It seems everybody must disassemble an American Standard kitchen faucet to replace the spout seal O-rings, as my description of How It’s Done has remained in the top five most popular posts since I wrote it up in 2009.
About two years ago, I replaced the valve cartridge with a (presumably) Genuine Replacement; unlike the O-rings, the original valve lasted for nigh onto a decade. A few weeks ago, the replacement valve began squeaking and dribbling: nothing lasts any more. Another (presumably) Genuine Replacement, this time from Amazon, seems visually identical to the previous one and we’ll see how long it lasts.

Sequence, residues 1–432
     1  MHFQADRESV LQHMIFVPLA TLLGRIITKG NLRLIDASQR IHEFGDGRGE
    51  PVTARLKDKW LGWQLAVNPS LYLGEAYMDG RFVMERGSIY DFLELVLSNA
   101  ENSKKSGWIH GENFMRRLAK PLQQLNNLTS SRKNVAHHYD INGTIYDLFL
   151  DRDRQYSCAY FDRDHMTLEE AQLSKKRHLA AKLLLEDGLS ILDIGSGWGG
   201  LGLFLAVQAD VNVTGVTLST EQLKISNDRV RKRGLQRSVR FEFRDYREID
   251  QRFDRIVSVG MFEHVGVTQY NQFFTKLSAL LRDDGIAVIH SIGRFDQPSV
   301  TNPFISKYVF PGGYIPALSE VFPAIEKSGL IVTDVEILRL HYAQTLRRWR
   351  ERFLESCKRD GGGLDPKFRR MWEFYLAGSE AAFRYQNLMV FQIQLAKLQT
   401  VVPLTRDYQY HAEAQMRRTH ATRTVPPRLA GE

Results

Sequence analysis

I always wondered what was inside those faucets and, after breaking off the latching tabs in the big housing to the upper right, now I know:
You get a bunch of stuff for twelve bucks! The stainless steel valve actuator is off to the right, still grabbed in the bench vise.
The valve action comes from those two intricate ceramic blocks with a watertight sliding fit:
In fact, you (well, I) can wring the slabs together, just like a pair of gauge blocks. That kind of ultra-smooth surface must be useful for some other purpose, even though I can’t imagine what it might be…